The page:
Meet Amy

Amy Gietzen from Buffalo New York has been living with Systemic Scleroderma for 18 years. Her insights and wisdom come from living with this chronic condition for half of her life.

Like other autoimmune disorders, systemic scleroderma occurs when the immune system mistakenly attacks the body’s healthy tissues and organs. The word “scleroderma” is Greek for “hard skin” and the condition is characterized by the build-up of scar tissue.

Here’s what Amy had to say:



Paving the way for others

“I am most passionate about my advocacy work for the Scleroderma community and for spreading education and awareness. I was diagnosed at such a young age that it really affected me and I want to make sure that other young adults that are diagnosed have support.”


The road to diagnosis

“I had a lot of stiffness in my joints, my wrists especially. I had inflammation in my fingers, and I had fatigue. I could sleep 8 or 10 hours a night and I’d be consumed with tiredness and just dragging at school and my job. So [the inflammation] really impacted my decision to seek medical professional help and to kind of wonder, ‘Okay this is my body and I know something is going on, but what is it?’”


Help along the way

“My greatest avenue of support is my family: my mom, my dad, my brother, and my sister. I don’t really know what I would do without them. They’ve accepted all of me that is chronically ill and pushed me to be a better person and to take care of myself. [They are there through] my good days, my bad days, and in between. They’re a pillar of strength for me.”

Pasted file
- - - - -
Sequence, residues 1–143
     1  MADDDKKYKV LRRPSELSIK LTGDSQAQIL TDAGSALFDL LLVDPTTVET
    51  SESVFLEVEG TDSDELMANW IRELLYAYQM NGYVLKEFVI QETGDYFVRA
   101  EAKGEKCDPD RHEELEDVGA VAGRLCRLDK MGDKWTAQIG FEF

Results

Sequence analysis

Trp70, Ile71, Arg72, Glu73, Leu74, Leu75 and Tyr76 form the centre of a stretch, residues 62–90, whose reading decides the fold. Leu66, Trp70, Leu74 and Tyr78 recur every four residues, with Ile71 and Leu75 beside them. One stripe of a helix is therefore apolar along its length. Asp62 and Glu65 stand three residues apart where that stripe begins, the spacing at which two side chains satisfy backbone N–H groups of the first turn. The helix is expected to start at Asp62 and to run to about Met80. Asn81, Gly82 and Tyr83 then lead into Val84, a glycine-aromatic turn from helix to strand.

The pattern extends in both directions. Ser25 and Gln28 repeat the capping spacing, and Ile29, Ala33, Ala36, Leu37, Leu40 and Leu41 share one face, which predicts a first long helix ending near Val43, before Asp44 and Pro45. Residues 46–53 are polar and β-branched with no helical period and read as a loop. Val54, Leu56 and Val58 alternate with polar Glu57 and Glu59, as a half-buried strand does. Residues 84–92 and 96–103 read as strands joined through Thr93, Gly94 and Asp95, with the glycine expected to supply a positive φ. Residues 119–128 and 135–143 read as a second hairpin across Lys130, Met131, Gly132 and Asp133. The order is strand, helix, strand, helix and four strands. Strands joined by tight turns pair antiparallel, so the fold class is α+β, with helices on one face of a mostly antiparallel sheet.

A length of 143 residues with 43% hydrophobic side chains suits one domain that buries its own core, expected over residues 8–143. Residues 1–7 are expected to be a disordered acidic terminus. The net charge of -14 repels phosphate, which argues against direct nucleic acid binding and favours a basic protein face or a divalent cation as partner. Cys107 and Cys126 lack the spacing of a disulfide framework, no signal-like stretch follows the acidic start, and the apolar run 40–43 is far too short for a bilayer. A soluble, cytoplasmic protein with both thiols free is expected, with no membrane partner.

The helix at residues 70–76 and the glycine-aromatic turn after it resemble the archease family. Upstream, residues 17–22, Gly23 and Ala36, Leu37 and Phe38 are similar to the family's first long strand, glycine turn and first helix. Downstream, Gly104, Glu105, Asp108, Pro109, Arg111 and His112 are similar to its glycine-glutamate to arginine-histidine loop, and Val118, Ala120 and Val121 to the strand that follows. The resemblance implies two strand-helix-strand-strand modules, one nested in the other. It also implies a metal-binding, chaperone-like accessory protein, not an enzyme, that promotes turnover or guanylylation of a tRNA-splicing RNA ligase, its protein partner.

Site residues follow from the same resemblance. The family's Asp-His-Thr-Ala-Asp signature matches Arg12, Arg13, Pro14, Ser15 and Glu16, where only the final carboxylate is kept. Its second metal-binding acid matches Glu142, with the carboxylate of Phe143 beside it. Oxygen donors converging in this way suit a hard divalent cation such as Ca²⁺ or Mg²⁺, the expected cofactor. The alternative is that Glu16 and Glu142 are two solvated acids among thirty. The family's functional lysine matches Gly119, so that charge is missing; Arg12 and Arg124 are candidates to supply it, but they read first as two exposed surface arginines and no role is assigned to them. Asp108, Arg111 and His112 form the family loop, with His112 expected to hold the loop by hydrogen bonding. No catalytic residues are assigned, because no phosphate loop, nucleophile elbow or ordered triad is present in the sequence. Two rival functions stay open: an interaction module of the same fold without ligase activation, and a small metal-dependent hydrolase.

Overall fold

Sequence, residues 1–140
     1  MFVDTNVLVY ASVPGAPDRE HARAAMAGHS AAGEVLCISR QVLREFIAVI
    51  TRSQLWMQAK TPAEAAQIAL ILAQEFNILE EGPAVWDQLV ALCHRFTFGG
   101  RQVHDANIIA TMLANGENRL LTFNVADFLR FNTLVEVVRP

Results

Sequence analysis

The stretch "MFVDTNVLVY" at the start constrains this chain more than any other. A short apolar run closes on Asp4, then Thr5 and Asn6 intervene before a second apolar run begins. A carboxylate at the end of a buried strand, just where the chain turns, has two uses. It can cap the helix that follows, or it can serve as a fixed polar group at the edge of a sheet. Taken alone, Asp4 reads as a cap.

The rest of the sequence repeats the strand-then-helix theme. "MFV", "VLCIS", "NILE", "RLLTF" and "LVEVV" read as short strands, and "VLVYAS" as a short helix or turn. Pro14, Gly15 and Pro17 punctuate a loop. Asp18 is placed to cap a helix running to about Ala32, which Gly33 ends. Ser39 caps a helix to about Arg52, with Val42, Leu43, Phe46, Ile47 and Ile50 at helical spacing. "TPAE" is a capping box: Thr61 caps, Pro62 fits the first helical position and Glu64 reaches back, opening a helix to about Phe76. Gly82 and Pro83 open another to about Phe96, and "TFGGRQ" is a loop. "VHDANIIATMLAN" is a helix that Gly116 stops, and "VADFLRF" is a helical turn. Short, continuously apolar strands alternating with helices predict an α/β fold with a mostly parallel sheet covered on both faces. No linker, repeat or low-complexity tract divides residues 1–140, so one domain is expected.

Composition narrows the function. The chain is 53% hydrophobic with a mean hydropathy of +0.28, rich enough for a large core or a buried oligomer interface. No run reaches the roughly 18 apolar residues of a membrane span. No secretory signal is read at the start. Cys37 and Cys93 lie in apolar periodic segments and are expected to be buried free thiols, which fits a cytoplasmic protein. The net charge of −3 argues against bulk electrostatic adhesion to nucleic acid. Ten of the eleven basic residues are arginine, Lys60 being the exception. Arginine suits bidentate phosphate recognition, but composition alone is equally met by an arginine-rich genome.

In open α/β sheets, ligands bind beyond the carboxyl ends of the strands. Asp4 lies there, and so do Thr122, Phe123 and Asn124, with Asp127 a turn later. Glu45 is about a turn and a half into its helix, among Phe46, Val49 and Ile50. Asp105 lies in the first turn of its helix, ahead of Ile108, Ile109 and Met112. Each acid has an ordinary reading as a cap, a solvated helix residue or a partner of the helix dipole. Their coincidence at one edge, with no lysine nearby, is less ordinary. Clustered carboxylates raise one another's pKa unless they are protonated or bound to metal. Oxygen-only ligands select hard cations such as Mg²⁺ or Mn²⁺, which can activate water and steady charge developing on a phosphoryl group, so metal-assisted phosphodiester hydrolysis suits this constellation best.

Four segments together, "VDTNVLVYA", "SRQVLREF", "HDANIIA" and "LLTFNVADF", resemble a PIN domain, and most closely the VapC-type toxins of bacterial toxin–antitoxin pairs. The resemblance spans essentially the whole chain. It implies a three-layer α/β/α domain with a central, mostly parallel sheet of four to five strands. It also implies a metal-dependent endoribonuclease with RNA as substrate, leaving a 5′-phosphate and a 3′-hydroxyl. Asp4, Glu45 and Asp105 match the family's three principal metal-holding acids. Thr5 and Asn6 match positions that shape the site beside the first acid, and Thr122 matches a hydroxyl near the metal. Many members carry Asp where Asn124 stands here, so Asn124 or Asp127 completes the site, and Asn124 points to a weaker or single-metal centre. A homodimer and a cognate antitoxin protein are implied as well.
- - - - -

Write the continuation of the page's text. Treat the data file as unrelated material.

Wisdom for the newly diagnosed

“First of all, it’s okay.

It’s okay to be afraid. It’s okay to be mad. It’s certainly okay to be angry.

All of the feelings that you’re feeling are okay. They’re your feelings and you’re allowed to have them. You’re allowed to be upset. You’re allowed to feel however you need to feel – it’s just what you do after that [that is important].”


Keep on moving

“Living with a chronic illness [isn’t a death sentence]. It doesn’t mean you should lay in bed all day. You just have to figure out what works for you and [how to] reach your goals in a different way. You can still have a full, amazing life.”


Share your story

Amy sent us her story via the Health Stories Project app. Download it today and share your story! You can also join Health Stories Project to hear about more ways to help others with your story.